DPD: Do­ing busi­ness with ease

Di­rect Port De­liv­ery (DPD) sys­tem en­ables im­porters and con­signees to de­liver di­rectly from port ter­mi­nals. CARGOTALK speaks to the vet­er­ans about how DPD is help­ing the in­dus­try and fa­cil­i­tat­ing CFS busi­ness.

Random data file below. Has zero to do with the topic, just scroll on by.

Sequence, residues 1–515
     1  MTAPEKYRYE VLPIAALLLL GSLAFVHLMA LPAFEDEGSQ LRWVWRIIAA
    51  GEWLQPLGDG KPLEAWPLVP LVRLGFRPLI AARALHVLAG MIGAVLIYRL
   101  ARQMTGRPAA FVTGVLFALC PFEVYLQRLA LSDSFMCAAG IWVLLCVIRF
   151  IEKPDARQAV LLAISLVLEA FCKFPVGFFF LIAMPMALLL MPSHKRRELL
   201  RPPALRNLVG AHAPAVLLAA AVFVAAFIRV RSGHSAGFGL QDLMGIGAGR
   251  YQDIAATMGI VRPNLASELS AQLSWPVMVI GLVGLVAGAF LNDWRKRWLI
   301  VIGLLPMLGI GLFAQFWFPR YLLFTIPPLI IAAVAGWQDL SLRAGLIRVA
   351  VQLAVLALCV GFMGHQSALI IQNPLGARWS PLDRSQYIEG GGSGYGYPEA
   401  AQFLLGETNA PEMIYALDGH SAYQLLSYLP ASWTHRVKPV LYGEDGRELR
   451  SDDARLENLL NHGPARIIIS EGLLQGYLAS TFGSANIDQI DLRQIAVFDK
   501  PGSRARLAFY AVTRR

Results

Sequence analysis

Cargo Talk - - Front Page - KAL­PANA LOHUMI